Victim/Suspect is an Illuminating, Insufficient Portrait of Sexual Assault Reporting

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Victim/Suspect is an Illuminating, Insufficient Portrait of Sexual Assault Reporting

Towards the conclusion of Nancy Schwartzman’s Victim/Suspect–a crime documentary meant to shed light on how police investigations of sexual assault often turn against the reporting victims—the film and its lead journalist, Rachel “Rae” de Leon, throw up a number of statistics about rape cases in the United States. Of the more than 460,000 rapes that are estimated to occur per year, only 30% are reported, and a devastating 1% actually see the perpetrators convicted. There is astoundingly little incentive for victims to ever come forward, compounded by the fact that, as the film details, detectives are insufficiently trained in dealing with sexual assault investigations. This leads to an appalling number of victims arrested for false reporting, after being intimidated into recanting their statement. We learn that the reasoning for police turning the tables on victims isn’t necessarily intentional malice or misogyny but pure, bureaucratic neglect: It’s easiest for the police to circumvent “he said, she said” and usher an arrest, close the case, and get it off their desk.

This information, however, isn’t necessarily shocking to those who are even moderately aware of the culture of sexual assault in America, nor is the neglect and cruelty faced by the young victims, who see those they turned to for protection turn again them. Victim/Suspect is Schwartzman’s second feature documentary, following 2019’s well-received Roll Red Roll, about the infamous Steubenville rape case. Schwartzman shapes Victim/Suspect’s focus around de Leon. As a young reporter eager for a case to call her own, de Leon stumbled upon a local news story about Nikki Yovino, who was jailed for one year after allegedly falsifying a rape report. After de Leon’s editor gives her the go-ahead, the case leads de Leon to a nationwide pattern: An epidemic of rape victims found guilty of lying about their rapes.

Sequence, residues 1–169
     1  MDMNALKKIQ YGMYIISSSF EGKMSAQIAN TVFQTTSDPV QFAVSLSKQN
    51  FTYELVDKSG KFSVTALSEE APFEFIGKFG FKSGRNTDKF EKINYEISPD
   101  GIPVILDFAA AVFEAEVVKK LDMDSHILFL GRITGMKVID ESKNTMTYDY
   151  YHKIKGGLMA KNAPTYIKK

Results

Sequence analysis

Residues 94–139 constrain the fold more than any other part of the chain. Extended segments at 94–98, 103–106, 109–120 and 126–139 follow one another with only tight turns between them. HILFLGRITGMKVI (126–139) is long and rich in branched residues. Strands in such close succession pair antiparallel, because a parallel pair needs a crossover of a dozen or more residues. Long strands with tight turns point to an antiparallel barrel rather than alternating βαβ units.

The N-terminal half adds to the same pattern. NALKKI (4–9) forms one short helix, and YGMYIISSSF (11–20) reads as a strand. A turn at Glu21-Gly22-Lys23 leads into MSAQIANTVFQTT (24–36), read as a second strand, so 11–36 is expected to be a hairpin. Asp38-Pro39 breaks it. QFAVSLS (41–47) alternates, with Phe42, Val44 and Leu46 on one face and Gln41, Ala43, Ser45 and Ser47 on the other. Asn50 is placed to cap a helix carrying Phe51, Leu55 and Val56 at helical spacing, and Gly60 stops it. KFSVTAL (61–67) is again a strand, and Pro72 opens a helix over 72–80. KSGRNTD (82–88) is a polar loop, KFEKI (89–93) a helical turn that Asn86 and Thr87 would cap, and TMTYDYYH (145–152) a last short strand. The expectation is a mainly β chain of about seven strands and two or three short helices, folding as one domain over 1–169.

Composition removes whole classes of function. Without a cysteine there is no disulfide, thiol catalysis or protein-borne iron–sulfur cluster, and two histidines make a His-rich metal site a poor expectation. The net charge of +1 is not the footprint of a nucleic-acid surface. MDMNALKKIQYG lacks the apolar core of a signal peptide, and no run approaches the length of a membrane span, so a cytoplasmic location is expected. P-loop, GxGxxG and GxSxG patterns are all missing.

Using Yovino as a jumping-off point, Victim/Suspect and de Leon focus in particular on two other such victims: Emma Mannion, who was raped by two men that she knew, and Dyanie Bermeo, who was raped by a stranger allegedly posing as a cop. This is in addition to covering the tragic case of Megan Rondini, who had her investigation handled by the same Tuscaloosa, Alabama detective as Mannion and which concluded with her suicide. We watch all three women’s interrogations and witness the moments that their detectives began to switch things up on them, turning their status from “victim” into that of “suspect.”

It’s incredibly easy for detectives to confuse these women—this is repeatedly happening to young, inexperienced women—with a “ruse,” something that de Leon learns police use quite frequently in interrogations to elicit confessions. Claiming to a victim of sexual assault that there is, for example, video evidence that proves they’re lying only further clouds a mind already in a fragile state post-assault. All the ruse does is make the victims further question themselves and their memories, even if they know for a fact that they were raped. Their ensuing confessions of guilt are merely pleas for escape.